In Business with Mom: Q&A with Goddard School Franchise Owners

Spotlight on People

What's it like to be in business with your mom? Find out from our Q&A with Goddard School franchise owners.


Tim & Susan Hoy — Hillsborough, NJ -— Goddard School Franchise Owners

For Tim: What is it like to be a business partner with your mom?

My mother has been a fiercely independent and successful franchised small business owner since 1999.  Working with her on a full-time basis for the past six years has allowed me to grow as an individual and apply skills from my former career as an elementary school teacher under the patient guidance of someone far more acclimated to the complexities of running a successful small business.  Susan’s insight into my strengths (along with my weaknesses) and personality has allowed her to hand off responsibilities to me that fit those strengths and help us both to manage areas of the business that will benefit from that attention.

For Susan: What is it like to be a business partner with your son?

Since I operated this franchise myself for 15 years before Tim joined, our relationship as business partners had to evolve.  Initially I was more of a mentor than a partner and Tim was mostly involved in the educational aspect and daily operations. He continued to take on more of the business responsibilities to get to where we are today.

I am definitely the “senior partner” and Tim will defer to me for major financial decisions, but we are a united front as far as priorities and goals are concerned. As he has taken on more responsibilities I am able to do less and enjoy more leisure time.  I am no longer the face of The Goddard School in Hillsborough NJ.  People now see ours a family business, especially since my daughter has begun to take a more active role.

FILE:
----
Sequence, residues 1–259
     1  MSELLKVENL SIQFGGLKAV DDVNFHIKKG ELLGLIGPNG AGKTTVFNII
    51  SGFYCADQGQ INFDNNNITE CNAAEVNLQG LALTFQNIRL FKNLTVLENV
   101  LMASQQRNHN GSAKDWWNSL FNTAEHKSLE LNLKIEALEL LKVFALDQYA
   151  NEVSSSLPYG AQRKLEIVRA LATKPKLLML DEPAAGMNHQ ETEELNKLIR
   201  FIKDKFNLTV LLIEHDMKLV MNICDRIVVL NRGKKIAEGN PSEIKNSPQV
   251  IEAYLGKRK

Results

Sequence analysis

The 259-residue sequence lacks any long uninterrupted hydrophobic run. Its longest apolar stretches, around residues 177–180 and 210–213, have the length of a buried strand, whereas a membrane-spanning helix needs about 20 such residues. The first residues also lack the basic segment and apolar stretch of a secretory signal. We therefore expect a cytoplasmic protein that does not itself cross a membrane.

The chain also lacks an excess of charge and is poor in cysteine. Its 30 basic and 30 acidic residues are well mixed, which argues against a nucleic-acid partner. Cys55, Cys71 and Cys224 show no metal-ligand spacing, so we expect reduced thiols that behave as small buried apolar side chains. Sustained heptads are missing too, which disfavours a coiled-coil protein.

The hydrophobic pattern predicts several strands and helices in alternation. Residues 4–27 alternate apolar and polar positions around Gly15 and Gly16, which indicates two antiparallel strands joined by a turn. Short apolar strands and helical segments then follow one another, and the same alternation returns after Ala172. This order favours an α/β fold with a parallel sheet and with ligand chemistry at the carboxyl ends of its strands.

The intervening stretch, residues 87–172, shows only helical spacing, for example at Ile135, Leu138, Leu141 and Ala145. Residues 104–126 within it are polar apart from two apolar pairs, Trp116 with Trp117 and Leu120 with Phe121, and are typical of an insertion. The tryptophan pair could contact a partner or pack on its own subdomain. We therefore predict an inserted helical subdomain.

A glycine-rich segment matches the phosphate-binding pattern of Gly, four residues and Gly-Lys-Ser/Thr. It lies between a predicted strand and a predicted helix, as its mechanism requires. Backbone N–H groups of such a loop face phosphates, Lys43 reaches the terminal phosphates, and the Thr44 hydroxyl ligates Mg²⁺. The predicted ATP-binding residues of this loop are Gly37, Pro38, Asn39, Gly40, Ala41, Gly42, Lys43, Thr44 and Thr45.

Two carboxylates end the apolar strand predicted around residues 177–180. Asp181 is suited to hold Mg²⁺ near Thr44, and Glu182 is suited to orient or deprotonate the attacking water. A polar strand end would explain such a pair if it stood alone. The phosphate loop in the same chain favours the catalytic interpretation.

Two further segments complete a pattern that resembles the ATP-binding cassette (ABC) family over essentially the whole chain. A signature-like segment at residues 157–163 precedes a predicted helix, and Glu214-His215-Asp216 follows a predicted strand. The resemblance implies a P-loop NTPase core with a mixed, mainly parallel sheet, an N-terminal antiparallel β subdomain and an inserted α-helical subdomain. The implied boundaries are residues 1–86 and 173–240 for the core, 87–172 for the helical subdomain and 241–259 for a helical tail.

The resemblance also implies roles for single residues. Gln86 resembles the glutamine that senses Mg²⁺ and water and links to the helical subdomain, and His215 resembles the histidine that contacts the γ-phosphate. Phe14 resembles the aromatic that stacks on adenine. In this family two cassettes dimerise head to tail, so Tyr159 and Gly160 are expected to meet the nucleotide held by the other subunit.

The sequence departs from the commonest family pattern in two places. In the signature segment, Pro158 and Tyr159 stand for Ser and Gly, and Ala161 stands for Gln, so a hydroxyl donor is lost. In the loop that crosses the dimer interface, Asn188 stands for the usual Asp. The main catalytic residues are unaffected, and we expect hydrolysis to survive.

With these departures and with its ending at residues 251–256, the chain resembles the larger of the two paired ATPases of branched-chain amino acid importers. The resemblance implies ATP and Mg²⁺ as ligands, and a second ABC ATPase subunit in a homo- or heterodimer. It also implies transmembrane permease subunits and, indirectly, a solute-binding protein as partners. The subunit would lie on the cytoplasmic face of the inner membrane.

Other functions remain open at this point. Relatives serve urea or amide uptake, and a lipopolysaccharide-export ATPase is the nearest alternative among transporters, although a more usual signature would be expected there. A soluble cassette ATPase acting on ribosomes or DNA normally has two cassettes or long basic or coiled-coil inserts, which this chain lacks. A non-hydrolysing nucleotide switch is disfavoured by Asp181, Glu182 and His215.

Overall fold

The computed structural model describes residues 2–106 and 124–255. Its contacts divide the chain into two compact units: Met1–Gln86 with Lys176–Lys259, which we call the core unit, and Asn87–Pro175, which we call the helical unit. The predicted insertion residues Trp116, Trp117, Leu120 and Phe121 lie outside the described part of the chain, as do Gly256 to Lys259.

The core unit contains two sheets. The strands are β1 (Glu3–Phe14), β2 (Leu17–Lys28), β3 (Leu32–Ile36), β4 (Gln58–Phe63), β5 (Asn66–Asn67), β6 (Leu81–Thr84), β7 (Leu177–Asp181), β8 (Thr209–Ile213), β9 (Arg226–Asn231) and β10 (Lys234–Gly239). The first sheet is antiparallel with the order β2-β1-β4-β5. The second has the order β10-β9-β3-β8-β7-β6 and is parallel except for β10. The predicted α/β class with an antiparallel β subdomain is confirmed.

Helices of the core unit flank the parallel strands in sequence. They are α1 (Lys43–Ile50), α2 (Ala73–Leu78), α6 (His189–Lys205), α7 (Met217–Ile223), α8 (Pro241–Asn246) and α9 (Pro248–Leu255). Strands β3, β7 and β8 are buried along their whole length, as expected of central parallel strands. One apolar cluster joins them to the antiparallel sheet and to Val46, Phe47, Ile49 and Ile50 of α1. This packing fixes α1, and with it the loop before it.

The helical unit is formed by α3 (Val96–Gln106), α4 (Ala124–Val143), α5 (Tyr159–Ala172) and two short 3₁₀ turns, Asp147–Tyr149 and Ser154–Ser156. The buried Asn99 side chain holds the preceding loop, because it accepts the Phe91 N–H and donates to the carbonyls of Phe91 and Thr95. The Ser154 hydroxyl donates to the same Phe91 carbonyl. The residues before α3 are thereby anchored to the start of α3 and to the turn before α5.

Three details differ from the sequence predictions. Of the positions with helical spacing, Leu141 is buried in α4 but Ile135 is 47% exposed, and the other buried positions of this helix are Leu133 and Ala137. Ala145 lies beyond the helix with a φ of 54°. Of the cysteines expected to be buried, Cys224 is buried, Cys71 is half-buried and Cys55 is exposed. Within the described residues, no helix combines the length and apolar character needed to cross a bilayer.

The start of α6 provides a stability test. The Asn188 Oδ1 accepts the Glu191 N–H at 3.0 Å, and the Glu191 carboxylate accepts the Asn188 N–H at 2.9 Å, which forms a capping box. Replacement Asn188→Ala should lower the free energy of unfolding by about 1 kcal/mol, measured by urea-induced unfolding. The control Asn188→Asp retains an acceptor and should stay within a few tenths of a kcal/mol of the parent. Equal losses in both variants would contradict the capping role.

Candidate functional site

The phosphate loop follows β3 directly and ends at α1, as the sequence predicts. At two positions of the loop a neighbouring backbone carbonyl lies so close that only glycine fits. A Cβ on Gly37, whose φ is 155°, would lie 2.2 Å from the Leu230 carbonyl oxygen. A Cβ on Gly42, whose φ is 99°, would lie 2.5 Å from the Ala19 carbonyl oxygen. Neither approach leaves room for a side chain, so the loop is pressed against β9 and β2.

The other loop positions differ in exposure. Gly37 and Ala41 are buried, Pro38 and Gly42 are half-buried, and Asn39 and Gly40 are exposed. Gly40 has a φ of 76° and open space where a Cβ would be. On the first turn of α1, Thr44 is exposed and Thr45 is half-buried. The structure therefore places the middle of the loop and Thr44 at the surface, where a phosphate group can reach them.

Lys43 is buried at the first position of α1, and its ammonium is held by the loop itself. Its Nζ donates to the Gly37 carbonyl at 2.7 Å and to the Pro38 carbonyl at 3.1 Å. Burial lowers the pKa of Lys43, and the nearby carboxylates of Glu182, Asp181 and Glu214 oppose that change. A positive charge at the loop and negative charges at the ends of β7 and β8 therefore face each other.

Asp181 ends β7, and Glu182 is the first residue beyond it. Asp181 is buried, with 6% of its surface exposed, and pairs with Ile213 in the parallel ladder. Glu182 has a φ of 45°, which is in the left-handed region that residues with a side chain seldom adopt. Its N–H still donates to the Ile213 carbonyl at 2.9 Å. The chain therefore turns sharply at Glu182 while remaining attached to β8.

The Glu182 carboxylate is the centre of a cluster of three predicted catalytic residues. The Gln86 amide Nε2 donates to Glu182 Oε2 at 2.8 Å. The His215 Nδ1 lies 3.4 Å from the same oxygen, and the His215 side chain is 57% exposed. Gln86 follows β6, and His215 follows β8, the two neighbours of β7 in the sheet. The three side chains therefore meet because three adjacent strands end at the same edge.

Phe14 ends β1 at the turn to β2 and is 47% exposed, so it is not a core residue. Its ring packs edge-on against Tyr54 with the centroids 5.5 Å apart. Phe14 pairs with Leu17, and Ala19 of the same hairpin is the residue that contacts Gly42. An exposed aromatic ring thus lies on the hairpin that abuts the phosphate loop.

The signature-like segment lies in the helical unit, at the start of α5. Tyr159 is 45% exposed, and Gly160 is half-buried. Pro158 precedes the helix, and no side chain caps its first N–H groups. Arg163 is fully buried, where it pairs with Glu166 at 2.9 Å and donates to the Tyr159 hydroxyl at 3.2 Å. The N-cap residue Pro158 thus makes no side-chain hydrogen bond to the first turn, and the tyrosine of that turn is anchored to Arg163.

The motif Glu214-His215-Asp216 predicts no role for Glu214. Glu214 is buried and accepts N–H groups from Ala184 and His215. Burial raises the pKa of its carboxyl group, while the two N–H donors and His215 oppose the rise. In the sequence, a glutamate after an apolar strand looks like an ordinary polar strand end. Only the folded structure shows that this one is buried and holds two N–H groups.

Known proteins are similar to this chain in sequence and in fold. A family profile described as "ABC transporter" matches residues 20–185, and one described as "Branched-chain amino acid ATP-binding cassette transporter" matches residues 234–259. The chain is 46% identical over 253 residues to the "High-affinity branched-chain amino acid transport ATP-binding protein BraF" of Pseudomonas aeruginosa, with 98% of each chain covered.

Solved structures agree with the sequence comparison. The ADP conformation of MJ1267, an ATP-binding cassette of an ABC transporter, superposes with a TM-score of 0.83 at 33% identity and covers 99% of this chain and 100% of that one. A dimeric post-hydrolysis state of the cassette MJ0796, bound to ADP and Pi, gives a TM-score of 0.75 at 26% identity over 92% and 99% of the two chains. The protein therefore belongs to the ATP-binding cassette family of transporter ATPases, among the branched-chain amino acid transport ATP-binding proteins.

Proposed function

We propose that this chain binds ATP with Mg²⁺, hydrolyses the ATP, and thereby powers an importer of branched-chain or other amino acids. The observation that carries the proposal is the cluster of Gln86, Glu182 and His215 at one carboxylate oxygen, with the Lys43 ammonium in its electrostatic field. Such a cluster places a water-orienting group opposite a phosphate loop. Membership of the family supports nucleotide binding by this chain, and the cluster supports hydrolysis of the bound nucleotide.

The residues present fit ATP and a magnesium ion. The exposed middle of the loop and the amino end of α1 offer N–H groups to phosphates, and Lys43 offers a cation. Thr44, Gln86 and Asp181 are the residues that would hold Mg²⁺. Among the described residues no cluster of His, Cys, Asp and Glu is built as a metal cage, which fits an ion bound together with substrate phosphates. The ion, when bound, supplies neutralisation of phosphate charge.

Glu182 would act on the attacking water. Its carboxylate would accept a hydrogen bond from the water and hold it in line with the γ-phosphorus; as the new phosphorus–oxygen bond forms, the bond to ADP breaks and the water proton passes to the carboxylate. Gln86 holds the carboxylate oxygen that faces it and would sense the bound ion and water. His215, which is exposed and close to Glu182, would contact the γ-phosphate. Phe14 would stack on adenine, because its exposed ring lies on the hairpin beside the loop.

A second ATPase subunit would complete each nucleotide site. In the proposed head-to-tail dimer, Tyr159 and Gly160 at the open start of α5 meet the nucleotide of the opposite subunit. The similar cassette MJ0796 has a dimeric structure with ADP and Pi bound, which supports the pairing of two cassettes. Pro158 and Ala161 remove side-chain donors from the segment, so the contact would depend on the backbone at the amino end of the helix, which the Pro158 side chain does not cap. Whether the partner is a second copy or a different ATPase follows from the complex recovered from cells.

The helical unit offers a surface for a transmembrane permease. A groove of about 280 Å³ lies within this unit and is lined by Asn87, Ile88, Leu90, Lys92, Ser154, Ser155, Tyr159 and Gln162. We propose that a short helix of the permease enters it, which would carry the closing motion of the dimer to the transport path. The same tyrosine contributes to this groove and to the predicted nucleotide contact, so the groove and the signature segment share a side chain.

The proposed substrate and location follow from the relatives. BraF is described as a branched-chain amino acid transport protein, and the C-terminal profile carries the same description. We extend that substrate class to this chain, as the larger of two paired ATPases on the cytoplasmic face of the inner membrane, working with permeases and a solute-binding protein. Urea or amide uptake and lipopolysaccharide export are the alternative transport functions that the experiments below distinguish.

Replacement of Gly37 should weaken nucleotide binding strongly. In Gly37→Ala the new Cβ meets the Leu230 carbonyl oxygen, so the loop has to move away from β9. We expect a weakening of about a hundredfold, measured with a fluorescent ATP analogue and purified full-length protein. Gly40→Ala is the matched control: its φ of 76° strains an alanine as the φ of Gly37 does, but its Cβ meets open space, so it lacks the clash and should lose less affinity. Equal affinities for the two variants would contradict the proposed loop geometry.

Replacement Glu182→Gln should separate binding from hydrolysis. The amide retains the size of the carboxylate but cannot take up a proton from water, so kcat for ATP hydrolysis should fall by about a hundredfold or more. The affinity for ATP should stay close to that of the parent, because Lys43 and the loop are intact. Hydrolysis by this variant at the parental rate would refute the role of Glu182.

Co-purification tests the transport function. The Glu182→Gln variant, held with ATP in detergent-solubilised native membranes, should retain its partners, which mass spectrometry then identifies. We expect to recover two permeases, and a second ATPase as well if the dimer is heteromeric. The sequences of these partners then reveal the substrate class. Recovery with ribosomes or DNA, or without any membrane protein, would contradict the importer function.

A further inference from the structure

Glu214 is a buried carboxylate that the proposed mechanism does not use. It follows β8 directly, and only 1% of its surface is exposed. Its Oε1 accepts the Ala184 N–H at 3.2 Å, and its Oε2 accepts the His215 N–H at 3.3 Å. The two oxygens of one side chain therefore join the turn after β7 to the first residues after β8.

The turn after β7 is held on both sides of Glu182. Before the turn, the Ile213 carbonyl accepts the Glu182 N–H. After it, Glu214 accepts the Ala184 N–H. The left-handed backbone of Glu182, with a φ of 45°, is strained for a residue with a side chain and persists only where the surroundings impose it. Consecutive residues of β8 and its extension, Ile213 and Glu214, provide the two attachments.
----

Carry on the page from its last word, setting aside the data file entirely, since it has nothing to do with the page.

How does your relationship make your business stronger?

Tim: A strong commitment to community and family relationships can often be the cornerstone of a successful early education program.  Families in our school appreciate that fact and are proud of being part of a program where those values are in practice and on display each day. 

The timing was so perfect!  When Tim joined me on a full-time basis, he was the father of a baby girl who attended our infant program.  I was able to experience our “product” from a whole different vantage point.  He was able to relate to our “customer” as both a parent and a former kindergarten teacher. Having three generations of Hoys in our building every day was a great selling feature.  (Susan)

How does your business partnership make your familial relationship stronger?

Susan: Seeing Tim grow into this position of a confident business owner in the early childhood industry is certainly a source of pride for me.  I feel a sense of satisfaction that we have the same goals and values not only about the success of the business, but also the success of our school.  We are bonded with the goal to make The Goddard School of Hillsborough the best it can be – for the children and families, for the employees and for our family.